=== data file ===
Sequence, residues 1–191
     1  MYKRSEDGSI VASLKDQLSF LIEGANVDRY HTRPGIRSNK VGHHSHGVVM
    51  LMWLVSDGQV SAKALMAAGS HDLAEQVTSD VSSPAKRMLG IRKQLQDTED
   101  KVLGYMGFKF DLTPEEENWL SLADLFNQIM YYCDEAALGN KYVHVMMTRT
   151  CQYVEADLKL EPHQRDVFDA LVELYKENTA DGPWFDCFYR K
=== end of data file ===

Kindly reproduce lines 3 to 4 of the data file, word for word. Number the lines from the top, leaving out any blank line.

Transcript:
    51  LMWLVSDGQV SAKALMAAGS HDLAEQVTSD VSSPAKRMLG IRKQLQDTED
   101  KVLGYMGFKF DLTPEEENWL SLADLFNQIM YYCDEAALGN KYVHVMMTRT